Seeing U.S. National Parks through Artists’ Eyes

August 25, 2016 marks the 100th anniversary of the National Park Service. Museum guests can enjoy images of Yellowstone (the nation’s first national park) and Grand Canyon National Park by artists Thomas Moran and Lone Wolf (aka Hart M. Schultz) in our current exhibitions. “Lone Wolf (Hart M. Schultz): Cowboy, Actor and Artist” is on display through August 31, 2016. Artworks by Moran are on display in the museum’s ongoing exhibition “Courage and Crossroads: A Visual Journey through the Early American West.”

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Thomas Moran, The Castle Geyser, Upper Geyser Basin, 1876, chromolithograph; On loan from Zaplin Lampert Gallery, Santa Fe, New Mexico. On view in Courage and Crossroads: A Visual Journey through the Early American West.

Throughout much of the nineteenth century, the Yellowstone region was a legendary place, the subject of fantastic tales mostly generated from early trappers’ reports describing its otherworldly features – cauldrons of boiling mud, strange colorful formations, and erratically erupting fountains. Its remoteness kept speculative discourse alive until 1870, when an expedition led by former Union Army General Henry Washburn, then surveyor of Montana, confirmed the region’s unusual geological attributes and gave the geyser, “Old Faithful,” its name.

The following year, the United States government sent a scientific expedition to study the region, under the direction of Ferdinand V. Hayden of the U.S. Geological and Geographical Survey of the Territories. Artist Thomas Moran was granted permission to accompany the expedition. Indeed, he was welcomed, as he would be able to provide color images. Hayden later acknowledged, “Even the most vivid description is utterly insufficient to give an accurate idea of it, unless accompanied by color illustrations.”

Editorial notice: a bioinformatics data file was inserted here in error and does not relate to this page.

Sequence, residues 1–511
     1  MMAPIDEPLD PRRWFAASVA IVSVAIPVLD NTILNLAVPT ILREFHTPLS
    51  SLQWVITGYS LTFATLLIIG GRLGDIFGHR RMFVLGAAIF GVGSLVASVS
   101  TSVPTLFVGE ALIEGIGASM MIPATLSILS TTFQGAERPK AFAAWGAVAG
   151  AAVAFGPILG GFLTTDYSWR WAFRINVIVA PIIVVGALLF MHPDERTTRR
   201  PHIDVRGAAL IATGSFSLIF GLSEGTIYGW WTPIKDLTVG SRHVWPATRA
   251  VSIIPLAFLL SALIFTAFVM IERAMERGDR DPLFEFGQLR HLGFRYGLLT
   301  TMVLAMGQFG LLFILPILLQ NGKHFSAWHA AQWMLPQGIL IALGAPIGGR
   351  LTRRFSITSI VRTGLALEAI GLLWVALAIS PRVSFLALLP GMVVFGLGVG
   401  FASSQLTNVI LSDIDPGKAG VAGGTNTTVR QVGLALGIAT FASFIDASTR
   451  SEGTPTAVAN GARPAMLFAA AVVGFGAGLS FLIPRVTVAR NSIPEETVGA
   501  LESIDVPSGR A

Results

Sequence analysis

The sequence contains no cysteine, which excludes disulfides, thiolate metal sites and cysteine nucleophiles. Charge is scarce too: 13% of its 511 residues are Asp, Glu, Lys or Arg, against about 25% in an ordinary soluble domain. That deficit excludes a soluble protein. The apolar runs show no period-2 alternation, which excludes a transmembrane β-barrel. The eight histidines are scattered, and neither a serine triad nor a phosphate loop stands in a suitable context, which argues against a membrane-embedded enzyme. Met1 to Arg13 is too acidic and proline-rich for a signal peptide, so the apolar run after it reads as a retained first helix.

When Moran arrived at Yellowstone, he was riveted by the visual display that nature’s forces bestowed upon the region. He eagerly sketched while his eyes and mind worked with a determined focus to absorb the many details. Yet, he was also humbled, saying to Hayden there were features “beyond the reach of human art.” After returning to his studio in the East, Moran painted various scenes of Yellowstone that garnered much attention and critical acclaim. In 1872, his seven- by twelve-foot canvas, “The Grand Canyon of the Yellowstone,” was exhibited in New York City before being unveiled at the Smithsonian Institution in Washington, D.C. Soon, Congress appropriated money to purchase the painting and Moran was heralded as the artist of Yellowstone.

Moran’s artwork played a significant role in conveying the region’s geography to Congress who, at the time, sought to boost public awareness of, and expansion to, the American West. Ultimately, his renderings of Yellowstone influenced the government’s decision to mark the area as the first national park in the country.

Grand Canyon_Lone Wolf (Hart M. Schultz)

Lone Wolf (Hart M. Schultz, 1883-1970), Grand Canyon, 1919, oil on canvas; On loan from the Collection of the Tucson Museum of Art. Gift of the J.C. Kinney Family.

In the twentieth century, the national parks were captured by Lone Wolf (aka Hart M. Schultz), a Blackfeet Indian artist who studied with Moran. Schultz was one of the first American Indian artists to paint in an academic style and one of the most important Glacier National Park artists. His art contains an historical record of the expansion of the western American frontier as well as the artist’s unique experience as seen through his life and artistic vision.

Schultz’s 1919 artwork, “Grand Canyon,” hung in Jack C. Kinney’s La Osa Ranch office in the Santa Rita Hotel, Tucson. Kinney owned La Osa Ranch near Tucson, and was Schultz’s art patron. A writer for the Tucson Citizen who saw it remarked, “This has been acclaimed by some critics to be the truest characterization ever made of the varied colored canyon.”

In 1925, a writer exclaimed, “With the verve of a government mule, the Indian artist has achieved enviable artistic heights with his portrayal of Arizona’s Canyon. Though the picture is comparatively an old one, it has never been displayed in the big galleries, and one wishes that it might be immediately, feeling that for once nature’s greatest masterpiece has been worthily reproduced.”

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